Is California Overstating the Climate Benefit of Dairy Manure Methane Digesters?

CO2 released by burning biogas from cow manure is counted as an emission reduction, rather than a climate pollutant, and multiple state programs are taking credit for the cuts that some see as phantoms.

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Dairy cows gather at a farm in Visalia, Calif. on July 5, 2022. Credit: Spencer Platt/Getty Images
Dairy cows gather at a farm in Visalia, Calif. on July 5, 2022. Credit: Spencer Platt/Getty Images

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A California state grant program designed to reduce greenhouse gas emissions results in the direct release of approximately 225,000 to 300,000 metric tons of carbon dioxide into the air each year, according to an Inside Climate News analysis of state data. The pollution, which comes from burning biomethane fuel that was captured from decomposing cow manure, is equal to the annual greenhouse gas emissions of between 50,000 and 65,000 automobiles.

However, the emissions aren’t counted in the state’s annual greenhouse gas inventory. Rather, the California Department of Food and Agriculture considers the pollution to be the opposite—part of the emissions reductions that come from its $200 million dairy digester program

Critics of the program note that burning methane, the biggest component of natural gas, releases carbon dioxide emissions regardless of whether the gas comes from cow manure or from underground fossil gas reservoirs. They argue that using biomethane fuel in vehicles should not be counted as a source of emissions reductions.

“It treats a compressed-natural-gas heavy duty truck emitting greenhouse gas emissions as though it were a direct carbon capture technology, which of course it is not,” Tyler Lobdell, an attorney with Food and Water Watch, said of the state’s dairy digester program.

The California Air Resources Board (CARB) also considers this CO2 pollution negative emissions, counting the same volume of carbon dioxide as part of the emission reductions achieved by the state’s Low Carbon Fuel Standard program. The program is designed to decrease the carbon intensity of California’s transportation fuel.  

Roughly a dozen of the dairy digesters that received funding from the state’s Department of Food and Agriculture are part of a third program, the Aliso Canyon Mitigation Agreement set up to offset emissions from a massive leak at an underground gas storage facility in southern California from 2015 to 2016.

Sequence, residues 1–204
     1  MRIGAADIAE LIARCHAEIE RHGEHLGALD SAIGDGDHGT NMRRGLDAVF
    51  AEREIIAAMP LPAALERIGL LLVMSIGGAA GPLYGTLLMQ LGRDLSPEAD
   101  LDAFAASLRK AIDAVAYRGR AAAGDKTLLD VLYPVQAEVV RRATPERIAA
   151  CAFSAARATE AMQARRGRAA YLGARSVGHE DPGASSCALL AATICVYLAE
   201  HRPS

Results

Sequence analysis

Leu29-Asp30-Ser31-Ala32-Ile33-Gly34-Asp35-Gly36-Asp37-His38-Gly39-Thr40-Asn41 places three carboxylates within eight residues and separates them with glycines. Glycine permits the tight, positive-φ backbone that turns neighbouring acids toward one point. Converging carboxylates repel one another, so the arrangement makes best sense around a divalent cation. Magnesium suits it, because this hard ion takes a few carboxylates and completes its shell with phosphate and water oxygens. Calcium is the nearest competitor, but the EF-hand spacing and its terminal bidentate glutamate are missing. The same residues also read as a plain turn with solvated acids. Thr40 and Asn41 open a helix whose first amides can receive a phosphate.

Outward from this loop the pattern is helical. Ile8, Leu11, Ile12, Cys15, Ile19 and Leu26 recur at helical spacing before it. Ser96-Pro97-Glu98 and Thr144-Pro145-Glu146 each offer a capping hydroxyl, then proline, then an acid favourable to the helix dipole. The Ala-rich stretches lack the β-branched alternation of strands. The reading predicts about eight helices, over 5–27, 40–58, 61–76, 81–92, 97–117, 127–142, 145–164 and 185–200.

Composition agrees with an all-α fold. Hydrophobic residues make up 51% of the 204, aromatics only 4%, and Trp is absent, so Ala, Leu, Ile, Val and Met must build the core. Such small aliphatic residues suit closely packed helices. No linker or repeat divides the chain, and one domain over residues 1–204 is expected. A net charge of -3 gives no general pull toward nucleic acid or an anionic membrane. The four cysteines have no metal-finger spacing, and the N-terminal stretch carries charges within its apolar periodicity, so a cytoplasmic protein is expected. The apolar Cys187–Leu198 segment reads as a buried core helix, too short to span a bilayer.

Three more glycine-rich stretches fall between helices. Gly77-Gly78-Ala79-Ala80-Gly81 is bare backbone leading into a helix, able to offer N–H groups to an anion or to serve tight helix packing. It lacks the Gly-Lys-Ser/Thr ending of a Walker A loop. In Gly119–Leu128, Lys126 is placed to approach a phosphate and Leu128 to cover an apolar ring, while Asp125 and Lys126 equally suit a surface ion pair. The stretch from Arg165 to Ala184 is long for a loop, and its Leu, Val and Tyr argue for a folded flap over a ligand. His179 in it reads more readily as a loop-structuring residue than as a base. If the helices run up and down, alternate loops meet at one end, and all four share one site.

In effect, critics argue, dairy digesters that received funding from the state of California are getting double, and in some cases, triple credit for reducing the same greenhouse gas emissions, for something they say is actually contributing to, rather than combating, climate change.

“It’s a complete mess,” said Danny Cullenward, a climate economist at the University of Pennsylvania and American University and the vice chair of California’s Independent Emissions Market Advisory Committee.  “There’s multiple overlapping claims being attributed to the same tons from the same fundamental activity.”

A report published in 2021 by California’s Legislative Analyst’s Office (LAO), a nonpartisan government agency that provides fiscal and policy advice to the state Legislature, found the Department of Food and Agriculture dairy digester program likely overstates its greenhouse gas benefits due in part to other government programs that also count the climate benefits of the same dairy digesters.

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The report also reiterated that burning methane fuel, whether it comes from cow manure or underground sources, releases carbon dioxide, whether-or-not the state counts those emissions in its greenhouse gas inventory.  However, the LAO found that state regulators did not count emission reductions more than once at the sectoral level in its annual greenhouse gas inventory.  

CARB declined a request to make someone available for an interview. However, David Clegern, a spokesman, said in a written response that their accounting practices regarding carbon dioxide from biomethane are consistent with Intergovernmental Panel on Climate Change (IPCC) inventory methods and there is “no double counting of the emissions in the [state greenhouse gas] inventory.”  

The Air Board is currently considering changes to its Low Carbon Fuel Standards program and on December 19 proposed it would phase out incentives for biomethane from dairies and other sources by the end of 2045.

Advocates for environmental justice communities near the digesters and the industrial scale dairies that feed them, say the incentives are fueling a further concentration of cows and manure that pollute the environment and should end immediately.

“It’s creating sacrifice zones, where certain communities in the Central Valley get to carry the load for the rest of the state so it can boast about its methane reductions,” Lobdell said.  “That’s unjust. CARB can do better and it’s choosing not to.”

One hundred miles southeast of CARB headquarters in Sacramento, the California Dairy Farms, a large dairy in the heart of California’s Central Valley, received $1.6 million from the state’s Department of Food and Agriculture in 2022 to help turn manure from the facility’s 5,250 milking cows into “biomethane” fuel.

A dairy digester, a thick rubber membrane covering a pool of liquid manure, will capture biogas that, once upgraded, can be used interchangeably with conventional fossil gas. The fuel will be used to power vehicles that run on compressed natural gas in the Central Valley and elsewhere in the state, according to information posted by the Department of Food and Agriculture.